The Louisiana Department of Health received a $550,000 grant from the Centers of Disease Control and Prevention to strengthen its congenital syphilis activities and initiatives. The grant will support statewide activities, with targeted attention in the Baton Rouge and Shreveport areas as these areas have especially high rates of congenital syphilis.
This priority funding will enhance current STD activities and bolster congenital syphilis control efforts.
Highly preventable, congenital syphilis has become a problem that requires awareness attention, and action. Data from the most recent STD Surveillance Report found that the number of congenital syphilis cases spiked for the fourth year in a row.
From 2015-2016 alone, there were a total of 628 cases -- a rise of nearly 30 percent over the previous year.
DeAnn Gruber, director of the Bureau of Infectious Diseases for the state Department of Health, said the funding will address screening and treating pregnant women for STDs.
“Syphilis in pregnant women can cause miscarriages, premature births, stillbirths or death of newborns. Without adequate prenatal treatment, historical data indicates up to 40 percent of babies born to women with untreated syphilis may be stillborn or die from the infection as a newborn,” she said.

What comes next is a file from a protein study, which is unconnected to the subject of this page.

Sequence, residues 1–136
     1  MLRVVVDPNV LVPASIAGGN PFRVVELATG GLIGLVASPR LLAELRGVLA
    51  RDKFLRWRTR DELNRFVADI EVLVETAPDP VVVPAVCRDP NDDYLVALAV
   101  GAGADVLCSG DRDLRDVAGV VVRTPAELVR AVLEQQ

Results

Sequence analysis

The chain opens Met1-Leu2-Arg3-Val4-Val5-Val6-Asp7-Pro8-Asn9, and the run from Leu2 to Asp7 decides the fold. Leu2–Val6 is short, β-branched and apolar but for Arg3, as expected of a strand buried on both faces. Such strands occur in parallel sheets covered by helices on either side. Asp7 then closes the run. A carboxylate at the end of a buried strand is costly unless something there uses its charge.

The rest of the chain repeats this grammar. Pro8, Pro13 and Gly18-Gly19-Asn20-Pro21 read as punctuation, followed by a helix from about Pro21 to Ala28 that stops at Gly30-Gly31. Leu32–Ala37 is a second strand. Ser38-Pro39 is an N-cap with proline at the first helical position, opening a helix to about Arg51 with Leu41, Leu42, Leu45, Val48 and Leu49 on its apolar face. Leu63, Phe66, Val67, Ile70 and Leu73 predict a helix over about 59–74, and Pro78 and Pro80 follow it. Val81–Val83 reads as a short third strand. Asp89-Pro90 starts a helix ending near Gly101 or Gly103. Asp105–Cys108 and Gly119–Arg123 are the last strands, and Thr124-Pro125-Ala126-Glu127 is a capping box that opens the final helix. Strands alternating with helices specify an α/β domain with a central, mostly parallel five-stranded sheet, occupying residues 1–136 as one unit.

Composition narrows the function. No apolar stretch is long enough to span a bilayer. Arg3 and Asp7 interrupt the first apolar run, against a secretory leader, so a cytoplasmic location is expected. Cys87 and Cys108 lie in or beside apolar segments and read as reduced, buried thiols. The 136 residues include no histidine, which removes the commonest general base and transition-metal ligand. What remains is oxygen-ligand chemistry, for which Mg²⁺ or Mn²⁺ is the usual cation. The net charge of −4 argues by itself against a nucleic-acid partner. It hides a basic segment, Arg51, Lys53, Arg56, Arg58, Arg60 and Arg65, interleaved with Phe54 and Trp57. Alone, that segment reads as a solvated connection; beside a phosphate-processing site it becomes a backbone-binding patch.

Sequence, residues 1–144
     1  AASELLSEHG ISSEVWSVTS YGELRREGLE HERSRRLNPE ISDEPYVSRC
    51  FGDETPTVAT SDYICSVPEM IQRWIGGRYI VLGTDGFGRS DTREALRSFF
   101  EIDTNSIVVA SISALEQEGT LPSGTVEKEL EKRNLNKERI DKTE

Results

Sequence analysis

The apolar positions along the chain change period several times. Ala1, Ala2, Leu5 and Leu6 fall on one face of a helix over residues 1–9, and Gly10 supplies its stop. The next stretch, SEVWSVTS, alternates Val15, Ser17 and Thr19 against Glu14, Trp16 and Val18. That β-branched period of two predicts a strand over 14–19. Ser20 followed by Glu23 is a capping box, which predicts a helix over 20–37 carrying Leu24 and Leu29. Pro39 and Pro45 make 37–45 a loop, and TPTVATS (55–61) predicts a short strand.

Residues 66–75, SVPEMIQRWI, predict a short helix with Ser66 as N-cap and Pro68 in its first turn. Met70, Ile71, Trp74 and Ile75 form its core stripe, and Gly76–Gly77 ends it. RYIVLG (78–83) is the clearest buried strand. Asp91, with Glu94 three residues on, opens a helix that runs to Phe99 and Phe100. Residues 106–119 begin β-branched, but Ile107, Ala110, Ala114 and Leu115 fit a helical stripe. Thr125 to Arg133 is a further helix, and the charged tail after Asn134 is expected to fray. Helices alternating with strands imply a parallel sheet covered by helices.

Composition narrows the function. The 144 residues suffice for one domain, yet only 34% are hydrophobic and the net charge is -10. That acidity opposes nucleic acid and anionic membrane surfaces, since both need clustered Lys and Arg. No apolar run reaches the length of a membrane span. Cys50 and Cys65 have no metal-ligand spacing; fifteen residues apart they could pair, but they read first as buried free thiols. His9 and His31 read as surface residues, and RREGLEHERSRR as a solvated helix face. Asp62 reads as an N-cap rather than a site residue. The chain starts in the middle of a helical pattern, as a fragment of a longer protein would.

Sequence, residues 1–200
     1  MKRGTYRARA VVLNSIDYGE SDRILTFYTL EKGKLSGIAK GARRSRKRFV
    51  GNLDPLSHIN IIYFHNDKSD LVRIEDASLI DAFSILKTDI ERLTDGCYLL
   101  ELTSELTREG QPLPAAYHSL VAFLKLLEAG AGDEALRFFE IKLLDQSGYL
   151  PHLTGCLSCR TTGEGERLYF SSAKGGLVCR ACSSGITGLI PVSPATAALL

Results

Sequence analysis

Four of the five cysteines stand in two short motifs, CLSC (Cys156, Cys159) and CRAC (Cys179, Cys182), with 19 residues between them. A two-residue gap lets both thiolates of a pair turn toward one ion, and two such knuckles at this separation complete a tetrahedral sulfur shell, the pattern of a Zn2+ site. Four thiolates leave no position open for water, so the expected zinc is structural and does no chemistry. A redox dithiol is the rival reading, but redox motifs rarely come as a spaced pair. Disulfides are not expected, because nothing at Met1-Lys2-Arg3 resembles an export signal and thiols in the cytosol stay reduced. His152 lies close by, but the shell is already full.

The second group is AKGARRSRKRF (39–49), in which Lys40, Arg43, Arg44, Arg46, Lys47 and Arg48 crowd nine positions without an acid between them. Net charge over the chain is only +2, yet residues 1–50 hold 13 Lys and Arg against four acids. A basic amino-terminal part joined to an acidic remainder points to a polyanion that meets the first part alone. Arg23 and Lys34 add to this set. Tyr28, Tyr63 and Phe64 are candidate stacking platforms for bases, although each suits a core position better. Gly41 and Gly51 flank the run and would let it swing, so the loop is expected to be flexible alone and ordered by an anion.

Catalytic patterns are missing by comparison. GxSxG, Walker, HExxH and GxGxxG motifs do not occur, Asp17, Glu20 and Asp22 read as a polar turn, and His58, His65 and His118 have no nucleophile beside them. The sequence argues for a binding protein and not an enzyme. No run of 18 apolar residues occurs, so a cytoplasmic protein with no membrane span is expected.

Gruber added that for babies who live after contracting syphilis, they can have deformed bones, skin rashes, severe anemia, jaundice, enlarged livers and spleens, seizures, development delays, and other neurologic problems.
“These outcomes are a sadness that we simply cannot allow. The effects of congenital syphilis ripple through homes, families and communities – it can alter the course of someone’s entire life and create many challenges for families,” she added.
The grant will allow the state Department of Health’s STD/HIV program to conduct focused efforts on the following activities:
In total, the CDC awarded a total of $4 million to public health agencies in California, Illinois, Florida, Georgia, Maryland, Ohio, and Texas. These 15-months awards ranged from $250,000 to $700,000.
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